Severity Level for ASD Social Communication Restricted interests & repetitive behaviors
Level 3

‘Requiring very substantial support’

Severe deficits in verbal and nonverbal social communication skills cause severe impairments in functioning; very limited initiation of social interactions and minimal response to social overtures from others. Preoccupations, fixated rituals and/or repetitive behaviors markedly interfere with functioning in all spheres. Marked distress when rituals or routines are interrupted; very difficult to redirect from fixated interest or returns to it quickly.
Level 2

‘Requiring substantial support’

Marked deficits in verbal and nonverbal social communication skills; social impairments apparent even with supports in place; limited initiation of social interactions and reduced or abnormal response to social overtures from others. RRBs and/or preoccupations or fixated interests appear frequently enough to be obvious to the casual observer and interfere with functioning in a variety of contexts. Distress or frustration is apparent when RRB’s are interrupted; difficult to redirect from fixated interest.
Level 1

‘Requiring support’

Without supports in place, deficits in social communication cause noticeable impairments. Has difficulty initiating social interactions and demonstrates clear examples of atypical or unsuccessful responses to social overtures of others. May appear to have decreased interest in social interactions. Rituals and repetitive behaviors (RRB’s) cause significant interference with functioning in one or more contexts. Resists attempts by others to interrupt RRB’s or to be redirected from fixated interest.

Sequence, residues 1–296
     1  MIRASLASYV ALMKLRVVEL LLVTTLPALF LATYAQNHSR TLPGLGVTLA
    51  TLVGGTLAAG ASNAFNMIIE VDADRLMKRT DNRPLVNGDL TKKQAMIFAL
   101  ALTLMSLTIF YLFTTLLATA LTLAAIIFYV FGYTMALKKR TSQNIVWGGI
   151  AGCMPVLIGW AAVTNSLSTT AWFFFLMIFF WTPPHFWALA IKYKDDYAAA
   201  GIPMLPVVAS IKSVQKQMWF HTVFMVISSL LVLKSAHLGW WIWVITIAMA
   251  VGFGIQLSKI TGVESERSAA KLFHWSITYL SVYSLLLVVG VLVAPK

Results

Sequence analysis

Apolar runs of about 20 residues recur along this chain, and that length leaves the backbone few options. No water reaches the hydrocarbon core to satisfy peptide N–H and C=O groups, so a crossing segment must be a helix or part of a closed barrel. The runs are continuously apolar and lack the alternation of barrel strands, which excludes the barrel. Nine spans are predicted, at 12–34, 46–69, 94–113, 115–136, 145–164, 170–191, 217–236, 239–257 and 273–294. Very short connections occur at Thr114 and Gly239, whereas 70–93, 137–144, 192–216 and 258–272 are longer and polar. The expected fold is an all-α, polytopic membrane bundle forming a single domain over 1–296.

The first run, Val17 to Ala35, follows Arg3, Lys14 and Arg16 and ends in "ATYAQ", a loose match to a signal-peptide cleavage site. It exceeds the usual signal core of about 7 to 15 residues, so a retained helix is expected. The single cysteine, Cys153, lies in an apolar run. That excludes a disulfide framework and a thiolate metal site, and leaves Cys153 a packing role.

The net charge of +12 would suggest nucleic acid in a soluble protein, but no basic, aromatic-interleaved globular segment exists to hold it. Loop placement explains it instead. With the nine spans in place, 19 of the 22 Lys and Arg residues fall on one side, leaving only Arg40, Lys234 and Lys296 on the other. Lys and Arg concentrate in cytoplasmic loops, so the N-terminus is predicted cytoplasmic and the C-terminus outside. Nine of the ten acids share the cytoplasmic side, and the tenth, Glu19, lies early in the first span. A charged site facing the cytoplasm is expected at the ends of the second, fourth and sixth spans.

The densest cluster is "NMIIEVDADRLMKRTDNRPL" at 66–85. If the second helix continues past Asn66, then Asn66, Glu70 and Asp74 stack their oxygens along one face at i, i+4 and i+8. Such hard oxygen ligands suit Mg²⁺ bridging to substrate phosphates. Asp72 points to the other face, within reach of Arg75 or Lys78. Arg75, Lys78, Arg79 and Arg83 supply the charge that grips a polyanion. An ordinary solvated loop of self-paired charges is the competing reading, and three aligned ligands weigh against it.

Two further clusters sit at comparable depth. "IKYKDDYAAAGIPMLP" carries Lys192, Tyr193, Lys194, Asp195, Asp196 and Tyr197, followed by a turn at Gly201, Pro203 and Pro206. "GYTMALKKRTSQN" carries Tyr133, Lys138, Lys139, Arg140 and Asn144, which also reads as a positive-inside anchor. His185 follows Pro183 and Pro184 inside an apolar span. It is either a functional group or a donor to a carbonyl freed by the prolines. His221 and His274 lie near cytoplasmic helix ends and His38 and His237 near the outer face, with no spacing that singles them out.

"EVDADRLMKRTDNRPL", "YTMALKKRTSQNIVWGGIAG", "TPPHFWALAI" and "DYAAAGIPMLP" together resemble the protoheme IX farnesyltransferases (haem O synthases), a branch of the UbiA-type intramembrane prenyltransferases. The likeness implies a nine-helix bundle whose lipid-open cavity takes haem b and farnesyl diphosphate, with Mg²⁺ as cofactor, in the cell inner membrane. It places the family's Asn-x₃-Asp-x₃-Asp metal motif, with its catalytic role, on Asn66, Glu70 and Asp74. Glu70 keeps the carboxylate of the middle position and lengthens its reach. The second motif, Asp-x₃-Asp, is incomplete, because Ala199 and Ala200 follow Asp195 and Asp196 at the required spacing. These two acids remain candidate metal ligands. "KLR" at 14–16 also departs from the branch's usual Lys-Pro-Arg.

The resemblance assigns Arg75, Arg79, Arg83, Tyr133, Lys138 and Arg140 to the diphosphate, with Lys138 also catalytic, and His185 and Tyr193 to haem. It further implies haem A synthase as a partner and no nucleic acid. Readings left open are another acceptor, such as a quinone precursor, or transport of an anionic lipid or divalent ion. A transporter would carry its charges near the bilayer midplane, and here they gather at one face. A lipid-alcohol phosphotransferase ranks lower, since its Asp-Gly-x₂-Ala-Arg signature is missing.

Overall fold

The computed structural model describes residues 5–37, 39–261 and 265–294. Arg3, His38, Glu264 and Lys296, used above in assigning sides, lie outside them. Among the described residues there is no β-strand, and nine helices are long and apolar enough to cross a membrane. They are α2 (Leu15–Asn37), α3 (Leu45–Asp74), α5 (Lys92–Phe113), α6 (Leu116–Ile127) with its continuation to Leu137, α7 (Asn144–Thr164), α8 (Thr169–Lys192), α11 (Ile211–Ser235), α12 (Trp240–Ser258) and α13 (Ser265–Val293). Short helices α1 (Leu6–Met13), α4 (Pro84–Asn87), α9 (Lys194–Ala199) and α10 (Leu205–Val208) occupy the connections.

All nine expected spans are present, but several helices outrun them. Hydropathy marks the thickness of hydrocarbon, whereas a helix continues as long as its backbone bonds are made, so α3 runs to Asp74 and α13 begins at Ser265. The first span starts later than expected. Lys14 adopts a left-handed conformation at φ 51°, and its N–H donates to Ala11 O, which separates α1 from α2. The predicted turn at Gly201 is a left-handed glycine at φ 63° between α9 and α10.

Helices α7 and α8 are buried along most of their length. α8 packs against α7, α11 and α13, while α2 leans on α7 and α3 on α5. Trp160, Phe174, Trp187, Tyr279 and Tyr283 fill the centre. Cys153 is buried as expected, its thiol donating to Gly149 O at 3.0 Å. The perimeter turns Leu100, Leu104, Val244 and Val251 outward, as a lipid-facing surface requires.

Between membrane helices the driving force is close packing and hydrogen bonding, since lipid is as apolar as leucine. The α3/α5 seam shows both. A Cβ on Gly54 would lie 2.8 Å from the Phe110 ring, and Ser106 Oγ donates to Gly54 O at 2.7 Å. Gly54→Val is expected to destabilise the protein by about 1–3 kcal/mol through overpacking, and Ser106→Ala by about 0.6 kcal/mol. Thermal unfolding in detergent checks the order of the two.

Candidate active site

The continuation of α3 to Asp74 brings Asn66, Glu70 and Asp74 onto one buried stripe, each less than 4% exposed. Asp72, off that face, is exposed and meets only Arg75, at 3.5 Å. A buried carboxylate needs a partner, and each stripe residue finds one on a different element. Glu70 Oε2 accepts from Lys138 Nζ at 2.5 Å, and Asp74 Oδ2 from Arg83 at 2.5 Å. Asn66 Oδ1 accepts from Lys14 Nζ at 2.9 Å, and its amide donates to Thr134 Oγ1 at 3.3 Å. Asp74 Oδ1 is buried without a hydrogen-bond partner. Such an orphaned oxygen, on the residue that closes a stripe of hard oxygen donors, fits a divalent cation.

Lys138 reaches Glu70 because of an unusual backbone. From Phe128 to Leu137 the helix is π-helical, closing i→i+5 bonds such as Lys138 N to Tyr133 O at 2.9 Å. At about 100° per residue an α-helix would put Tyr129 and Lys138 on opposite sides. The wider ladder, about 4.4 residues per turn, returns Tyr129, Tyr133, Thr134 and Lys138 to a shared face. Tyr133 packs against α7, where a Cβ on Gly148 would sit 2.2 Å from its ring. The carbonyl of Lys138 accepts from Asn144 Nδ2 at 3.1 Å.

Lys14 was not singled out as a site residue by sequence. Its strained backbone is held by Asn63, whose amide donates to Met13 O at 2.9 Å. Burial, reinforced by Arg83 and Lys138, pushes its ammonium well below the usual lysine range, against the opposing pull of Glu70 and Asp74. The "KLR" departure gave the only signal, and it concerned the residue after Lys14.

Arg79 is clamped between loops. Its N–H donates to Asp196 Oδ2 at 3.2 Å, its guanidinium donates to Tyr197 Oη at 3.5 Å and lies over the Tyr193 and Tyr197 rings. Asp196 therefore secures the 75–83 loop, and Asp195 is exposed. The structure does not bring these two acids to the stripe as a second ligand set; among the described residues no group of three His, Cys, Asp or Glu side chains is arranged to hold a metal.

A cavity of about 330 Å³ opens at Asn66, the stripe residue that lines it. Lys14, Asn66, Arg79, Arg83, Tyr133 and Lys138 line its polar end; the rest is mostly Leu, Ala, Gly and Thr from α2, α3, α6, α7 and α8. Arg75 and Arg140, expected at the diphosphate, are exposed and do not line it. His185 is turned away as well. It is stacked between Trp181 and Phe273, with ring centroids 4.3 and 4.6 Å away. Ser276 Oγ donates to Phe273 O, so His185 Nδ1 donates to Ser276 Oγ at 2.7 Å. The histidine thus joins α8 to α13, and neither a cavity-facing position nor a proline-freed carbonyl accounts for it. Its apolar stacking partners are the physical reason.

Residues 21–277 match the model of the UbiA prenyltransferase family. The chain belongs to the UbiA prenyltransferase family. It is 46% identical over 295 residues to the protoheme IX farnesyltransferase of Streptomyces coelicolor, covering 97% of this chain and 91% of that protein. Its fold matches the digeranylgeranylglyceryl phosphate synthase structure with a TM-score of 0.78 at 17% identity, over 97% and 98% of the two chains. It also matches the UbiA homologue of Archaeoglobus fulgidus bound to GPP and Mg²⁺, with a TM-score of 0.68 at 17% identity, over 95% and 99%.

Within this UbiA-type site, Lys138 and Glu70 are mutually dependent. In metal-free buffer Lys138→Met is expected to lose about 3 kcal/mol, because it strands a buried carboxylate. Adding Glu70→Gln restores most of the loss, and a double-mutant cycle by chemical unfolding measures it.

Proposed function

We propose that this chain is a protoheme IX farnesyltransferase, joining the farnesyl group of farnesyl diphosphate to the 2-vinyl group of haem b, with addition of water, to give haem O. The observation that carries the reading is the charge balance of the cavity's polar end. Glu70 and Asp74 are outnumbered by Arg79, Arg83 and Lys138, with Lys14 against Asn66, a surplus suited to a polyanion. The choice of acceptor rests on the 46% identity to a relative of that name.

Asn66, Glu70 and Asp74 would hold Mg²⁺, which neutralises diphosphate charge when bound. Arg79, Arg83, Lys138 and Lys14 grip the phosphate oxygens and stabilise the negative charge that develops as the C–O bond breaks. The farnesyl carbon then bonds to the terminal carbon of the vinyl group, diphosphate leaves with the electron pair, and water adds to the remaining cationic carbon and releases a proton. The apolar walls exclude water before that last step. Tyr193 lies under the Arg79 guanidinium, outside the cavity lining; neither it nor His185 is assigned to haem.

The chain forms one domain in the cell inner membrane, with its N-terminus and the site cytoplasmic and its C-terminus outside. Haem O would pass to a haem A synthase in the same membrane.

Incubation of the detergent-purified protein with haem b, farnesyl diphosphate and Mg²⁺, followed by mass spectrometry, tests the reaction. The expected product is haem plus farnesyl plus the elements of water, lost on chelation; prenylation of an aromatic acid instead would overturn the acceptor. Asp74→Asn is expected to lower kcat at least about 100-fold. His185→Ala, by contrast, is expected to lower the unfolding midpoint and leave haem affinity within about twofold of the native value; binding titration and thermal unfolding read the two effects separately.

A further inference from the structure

Do you think that this proposed conceptualization will improve our ability to better understand, assess and address these health condition/s? Do you thing that this revised approach to ASD will impact the rights and life opportunities of people with ASD? Any other thoughts?


Actions

Information

3 responses

14 10 2012
isabel1943

comunicacion@coband.org  is a psychology group where some member ocupy themseles woth autism Regards Dra. Isabel Steffens

http://www.Thestreswsclub.com.ar

19 10 2012
autism-children.org

Its like you read my mind! You seem to know a lot about this, like you wrote
the book in it or something. I think that you
could do with some pics to drive the message home a bit, but other than that, this is fantastic blog.
An excellent read. I’ll definitely be back.

19 10 2012
Irina Vasilieva

Very nice article and straight to the point. I am not sure if this is actually the best place to ask but do you people have any thoughts on where to hire some professional writers? Thx 🙂

Leave a Reply

Fill in your details below or click an icon to log in:

WordPress.com Logo

You are commenting using your WordPress.com account. Log Out /  Change )

Google photo

You are commenting using your Google account. Log Out /  Change )

Twitter picture

You are commenting using your Twitter account. Log Out /  Change )

Facebook photo

You are commenting using your Facebook account. Log Out /  Change )

Connecting to %s




%d bloggers like this: